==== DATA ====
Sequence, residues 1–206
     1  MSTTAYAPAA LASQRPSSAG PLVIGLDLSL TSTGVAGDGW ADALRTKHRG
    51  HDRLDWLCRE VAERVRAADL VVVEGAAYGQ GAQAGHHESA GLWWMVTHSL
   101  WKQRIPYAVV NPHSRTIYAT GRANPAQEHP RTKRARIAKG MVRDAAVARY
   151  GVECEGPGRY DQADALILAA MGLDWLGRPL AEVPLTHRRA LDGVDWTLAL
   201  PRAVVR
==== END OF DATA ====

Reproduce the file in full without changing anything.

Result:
Sequence, residues 1–206
     1  MSTTAYAPAA LASQRPSSAG PLVIGLDLSL TSTGVAGDGW ADALRTKHRG
    51  HDRLDWLCRE VAERVRAADL VVVEGAAYGQ GAQAGHHESA GLWWMVTHSL
   101  WKQRIPYAVV NPHSRTIYAT GRANPAQEHP RTKRARIAKG MVRDAAVARY
   151  GVECEGPGRY DQADALILAA MGLDWLGRPL AEVPLTHRRA LDGVDWTLAL
   201  PRAVVR